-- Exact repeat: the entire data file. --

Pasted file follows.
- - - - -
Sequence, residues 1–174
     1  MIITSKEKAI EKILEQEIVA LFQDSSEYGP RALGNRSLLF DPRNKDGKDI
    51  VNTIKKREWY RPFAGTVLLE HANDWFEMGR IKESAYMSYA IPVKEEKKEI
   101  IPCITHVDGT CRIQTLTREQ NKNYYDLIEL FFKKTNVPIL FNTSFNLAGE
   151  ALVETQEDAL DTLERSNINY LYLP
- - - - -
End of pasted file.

Sequence, residues 1–174
     1  MIITSKEKAI EKILEQEIVA LFQDSSEYGP RALGNRSLLF DPRNKDGKDI
    51  VNTIKKREWY RPFAGTVLLE HANDWFEMGR IKESAYMSYA IPVKEEKKEI
   101  IPCITHVDGT CRIQTLTREQ NKNYYDLIEL FFKKTNVPIL FNTSFNLAGE
   151  ALVETQEDAL DTLERSNINY LYLP